The Lazy Economist: Your guide to fancy finance terms

The meanings behind economic jargon

Image by: Josh Granovsky
Common terms like bonds

Almost every sector or industry has its own language, and the business world is no different.

Not only can the principles of economics and business be difficult to grasp, but over-complicated language, like securities or IPOs, can exacerbate the confusion.

Here’s a cheat sheet to help you understand financial lingo from the news, your friends, or your parents.


An all-encompassing term for financial assets like bonds and stocks, securities are only valuable for what they ensure contractually. They aren’t physically valuable like gold, but instead are worth something because of what they represent.


These are debt securities, which mean they represent loans that have to be repaid. Companies or the government sell bonds to investors, who are told they’ll be paid back the amount of the loans with interest. Especially when they come from the government, bonds are a less risky option than stocks since they’re more likely to be repaid.


Also known as equity securities, each stock represent owning a share of a company. The more stocks of a certain company you own, the more say you have in the company’s operations. Many people profit from stocks by buying them at low cost and selling them when the stock’s market price rises—or, they’ll do the opposite and try to short a stock.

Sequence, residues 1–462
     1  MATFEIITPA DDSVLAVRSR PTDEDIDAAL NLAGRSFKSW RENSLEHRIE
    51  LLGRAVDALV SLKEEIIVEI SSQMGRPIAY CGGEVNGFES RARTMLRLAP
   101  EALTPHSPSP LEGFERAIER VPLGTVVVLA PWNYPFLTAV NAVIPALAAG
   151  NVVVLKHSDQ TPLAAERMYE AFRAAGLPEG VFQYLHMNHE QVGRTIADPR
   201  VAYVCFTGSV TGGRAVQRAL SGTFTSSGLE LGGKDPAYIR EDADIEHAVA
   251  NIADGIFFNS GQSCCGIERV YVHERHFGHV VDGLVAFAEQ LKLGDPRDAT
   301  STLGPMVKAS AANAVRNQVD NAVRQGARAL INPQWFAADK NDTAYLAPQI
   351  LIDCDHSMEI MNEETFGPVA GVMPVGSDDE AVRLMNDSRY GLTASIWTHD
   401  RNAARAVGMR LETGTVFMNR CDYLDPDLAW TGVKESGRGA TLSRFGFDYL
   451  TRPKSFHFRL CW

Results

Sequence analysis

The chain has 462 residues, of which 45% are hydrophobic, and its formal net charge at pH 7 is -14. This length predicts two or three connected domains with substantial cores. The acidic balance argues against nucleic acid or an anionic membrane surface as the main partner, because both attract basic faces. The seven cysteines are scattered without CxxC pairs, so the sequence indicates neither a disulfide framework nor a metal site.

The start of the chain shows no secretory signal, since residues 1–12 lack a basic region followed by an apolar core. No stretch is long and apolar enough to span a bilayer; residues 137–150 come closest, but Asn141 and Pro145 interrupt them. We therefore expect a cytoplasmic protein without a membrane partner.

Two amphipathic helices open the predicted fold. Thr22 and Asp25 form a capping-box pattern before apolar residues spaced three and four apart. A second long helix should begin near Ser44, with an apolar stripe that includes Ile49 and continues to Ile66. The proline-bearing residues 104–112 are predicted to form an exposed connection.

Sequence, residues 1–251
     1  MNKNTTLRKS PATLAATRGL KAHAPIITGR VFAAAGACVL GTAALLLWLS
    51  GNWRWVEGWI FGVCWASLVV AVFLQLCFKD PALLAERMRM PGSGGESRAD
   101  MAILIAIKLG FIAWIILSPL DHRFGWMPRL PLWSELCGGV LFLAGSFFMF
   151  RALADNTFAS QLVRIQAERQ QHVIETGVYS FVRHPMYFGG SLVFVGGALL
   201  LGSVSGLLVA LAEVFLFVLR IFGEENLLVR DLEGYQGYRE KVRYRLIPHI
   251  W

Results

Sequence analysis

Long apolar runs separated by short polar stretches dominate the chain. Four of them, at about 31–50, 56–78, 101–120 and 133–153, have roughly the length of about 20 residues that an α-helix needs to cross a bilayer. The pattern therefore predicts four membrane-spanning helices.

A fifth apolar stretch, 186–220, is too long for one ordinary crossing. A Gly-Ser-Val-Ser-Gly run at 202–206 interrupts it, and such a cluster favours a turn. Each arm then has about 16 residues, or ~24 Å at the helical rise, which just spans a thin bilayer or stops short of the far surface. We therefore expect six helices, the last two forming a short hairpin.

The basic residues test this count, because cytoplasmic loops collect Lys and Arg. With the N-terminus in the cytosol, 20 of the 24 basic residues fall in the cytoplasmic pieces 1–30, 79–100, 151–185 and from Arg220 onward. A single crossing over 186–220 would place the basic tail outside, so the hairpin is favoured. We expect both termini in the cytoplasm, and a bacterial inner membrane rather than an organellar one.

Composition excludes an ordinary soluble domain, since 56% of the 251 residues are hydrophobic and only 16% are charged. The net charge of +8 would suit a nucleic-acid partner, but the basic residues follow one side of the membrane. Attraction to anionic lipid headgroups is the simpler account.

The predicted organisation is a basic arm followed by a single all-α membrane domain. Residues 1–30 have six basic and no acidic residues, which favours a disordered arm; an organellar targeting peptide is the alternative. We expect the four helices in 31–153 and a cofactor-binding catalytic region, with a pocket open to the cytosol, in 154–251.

The more stocks of a certain company you own, the more say you have in the company’s operations.


An IPO stands for a company’s Initial Public Offering. Basically, companies can be either public or private. Private companies don’t sell their shares in the stock market, and it’s done like the name suggests, privately.

Their IPO is when they “go public”: their stocks become available for the general public to buy, trade, and sell. Companies that have a lot of hype built up often have investors watching to see if they plan to go public, since the stocks could indicate a big payday. 

Asset liquidity 

Assets are financial instruments, like those listed above. Liquidity just refers to how easily assets can be turned into cash. Stocks and bonds are usually liquid, while things like real estate aren’t because you can’t turn houses into cash that quickly.

This is why in bail hearings, people with lots of liquid assets are considered risky: they own lots of financial instruments, which can be easily moved around and turned into cash if they choose to flee the country.


financial literacy, the lazy economist

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